In Utah (and the U.S.), when the holiday season rolls around, so does a dramatic increase in retail trade employment. Obviously, this increase in retail employment relates directly to the increase in retail spending engendered by the season. While the two largest counties in southwestern Utah follow the statewide trend to some degree, the rest do not.
In a typical nonrecession year, Utah’s retail trade employment increases 5 to 6 percent between September and December. February almost always marks the low point for retail employment while December marks the highest employment level.
In Washington County, seasonal retail trade hiring has varied dramatically over the past decade. In 2003, September to December retail trade employment increased by a whopping 7 percent. However, remember that some of this gain may be related to business cycle increases as well as seasonal changes. During the past three years (2010 through 2011), the September-to-December increase in retail employment has ranged between 3 and 4 percent—an increase of roughly 200 to 300 positions.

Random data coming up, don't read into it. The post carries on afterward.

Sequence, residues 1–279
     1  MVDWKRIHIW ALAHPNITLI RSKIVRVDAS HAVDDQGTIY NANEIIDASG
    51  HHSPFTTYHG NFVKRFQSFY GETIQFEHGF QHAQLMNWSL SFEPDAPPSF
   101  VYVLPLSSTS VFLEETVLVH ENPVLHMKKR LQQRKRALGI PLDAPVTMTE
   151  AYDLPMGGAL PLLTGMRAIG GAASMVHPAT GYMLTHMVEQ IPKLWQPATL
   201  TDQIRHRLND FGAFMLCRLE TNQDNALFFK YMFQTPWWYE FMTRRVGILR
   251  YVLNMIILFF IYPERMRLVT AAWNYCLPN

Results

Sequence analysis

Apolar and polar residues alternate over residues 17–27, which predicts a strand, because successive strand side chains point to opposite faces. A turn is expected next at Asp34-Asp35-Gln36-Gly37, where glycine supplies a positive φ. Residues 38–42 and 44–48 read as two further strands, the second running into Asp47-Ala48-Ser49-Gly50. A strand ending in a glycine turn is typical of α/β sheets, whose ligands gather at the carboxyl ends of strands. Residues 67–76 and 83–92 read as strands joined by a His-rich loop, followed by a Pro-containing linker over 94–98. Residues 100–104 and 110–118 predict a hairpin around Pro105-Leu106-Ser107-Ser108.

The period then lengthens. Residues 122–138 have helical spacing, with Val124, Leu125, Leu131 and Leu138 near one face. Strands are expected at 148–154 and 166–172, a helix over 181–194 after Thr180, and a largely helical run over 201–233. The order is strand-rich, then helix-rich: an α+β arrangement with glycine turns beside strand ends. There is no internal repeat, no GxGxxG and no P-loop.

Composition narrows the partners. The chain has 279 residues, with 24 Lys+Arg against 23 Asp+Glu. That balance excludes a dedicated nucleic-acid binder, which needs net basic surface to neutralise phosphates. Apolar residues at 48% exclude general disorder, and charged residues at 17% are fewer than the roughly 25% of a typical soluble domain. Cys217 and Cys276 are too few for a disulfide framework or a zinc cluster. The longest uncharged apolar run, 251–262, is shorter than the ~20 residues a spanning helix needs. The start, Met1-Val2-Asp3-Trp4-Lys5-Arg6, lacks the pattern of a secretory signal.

Iron County follows the characteristic seasonal trend with its highest retail employment generally occurring in November or December. However, the gains tend to be smaller than in metropolitan areas. The county’s slow recovery from the recession shows up in its most recent retail trade employment data. In 2010, retain jobs actually declined slightly between September and December. Moreover, in 2011 and 2012, retail gains measured less than 1 percent (and fewer than 20 jobs).
In the remaining three counties (Beaver, Garfield and Kane), tourism drives seasonality in retail trade employment. While the low point in employment happens early in the year (following the Utah trend), the employment apex occurs during the summer months when tourism is also at its peak.